# Chapter 6-1

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```					The Elasticity of Demand

Chapter 7
The Concept of Elasticity
• Elasticity is a measure of the
responsiveness of one variable to another.
• The greater the elasticity, the greater the
responsiveness.
Laugher Curve
Q. What’s the difference between an
economist and a befuddled old man with
Alzheimer’s?
A. The economist is the one with a
calculator.
The Concept of Elasticity
• Elasticity is a measure of the
responsiveness of one variable to another.
• The greater the elasticity, the greater the
responsiveness.
Price Elasticity
• The price elasticity of demand is the
percentage change in quantity demanded
divided by the percentage change in price.

Percentage change in quantity demanded
ED =
Percentage change in price
Sign of Price Elasticity
• According to the law of demand, whenever
the price rises, the quantity demanded
falls. Thus the price elasticity of
demand is always negative.

• Because it is always negative, economists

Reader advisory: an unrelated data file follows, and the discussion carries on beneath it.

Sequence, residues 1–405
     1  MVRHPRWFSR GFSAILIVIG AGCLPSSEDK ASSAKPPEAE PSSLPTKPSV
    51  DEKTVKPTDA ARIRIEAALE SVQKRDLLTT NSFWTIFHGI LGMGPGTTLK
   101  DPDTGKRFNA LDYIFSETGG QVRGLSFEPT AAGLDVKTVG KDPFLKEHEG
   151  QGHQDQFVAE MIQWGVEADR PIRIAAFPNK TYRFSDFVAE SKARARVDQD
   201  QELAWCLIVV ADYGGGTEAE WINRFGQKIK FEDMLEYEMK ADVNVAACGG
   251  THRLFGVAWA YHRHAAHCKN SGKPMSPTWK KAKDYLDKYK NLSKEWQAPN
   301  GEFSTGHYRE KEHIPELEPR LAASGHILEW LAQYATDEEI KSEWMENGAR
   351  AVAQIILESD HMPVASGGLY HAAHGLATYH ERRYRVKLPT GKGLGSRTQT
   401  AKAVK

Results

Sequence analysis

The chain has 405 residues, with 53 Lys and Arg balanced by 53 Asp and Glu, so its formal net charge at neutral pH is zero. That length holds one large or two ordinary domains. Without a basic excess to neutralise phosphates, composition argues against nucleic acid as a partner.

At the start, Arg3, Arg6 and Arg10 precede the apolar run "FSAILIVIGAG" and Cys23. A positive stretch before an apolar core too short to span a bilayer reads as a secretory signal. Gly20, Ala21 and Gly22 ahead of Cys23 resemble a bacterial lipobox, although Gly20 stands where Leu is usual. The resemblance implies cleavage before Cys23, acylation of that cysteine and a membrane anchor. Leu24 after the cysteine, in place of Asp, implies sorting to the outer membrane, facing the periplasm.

usually state the value without the sign.
What Information Price
Elasticity Provides
• Price elasticity of demand and supply
gives the exact quantity response to a
change in price.
Classifying Demand and Supply
as Elastic or Inelastic
• Demand is elastic if the percentage
change in quantity is greater than the
percentage change in price.

E>1
Classifying Demand and Supply
as Elastic or Inelastic
• Demand is inelastic if the percentage
change in quantity is less than the
percentage change in price.

E<1
Elastic Demand
• Elastic Demand means that quantity
changes by a greater percentage than the
percentage change in price.
Inelastic Demand
• Inelastic Demand means that quantity
doesn't change much with a change in
price.
Defining elasticities
• When price elasticity is between zero and
-1 we say demand is inelastic.
• When price elasticity is between -1 and
- infinity, we say demand is elastic.
• When price elasticity is -1, we say demand
is unit elastic.
Elasticity Is Independent of
Units
• Percentages allow us to have a measure
of responsiveness that is independent of
units.
• This makes comparisons of
responsiveness of different goods easier.
Calculating Elasticities
• To determine elasticity divide the
percentage change in quantity by the
percentage change in price.
The End-Point Problem
• The end-point problem – the percentage
change differs depending on whether you
view the change as a rise or a decline in
price.
The End-Point Problem
• Economists use the average of the end
points to calculate the percentage change.

(Q2 - Q1)
½Q2  Q1 
Elasticity = (P   2   - P1)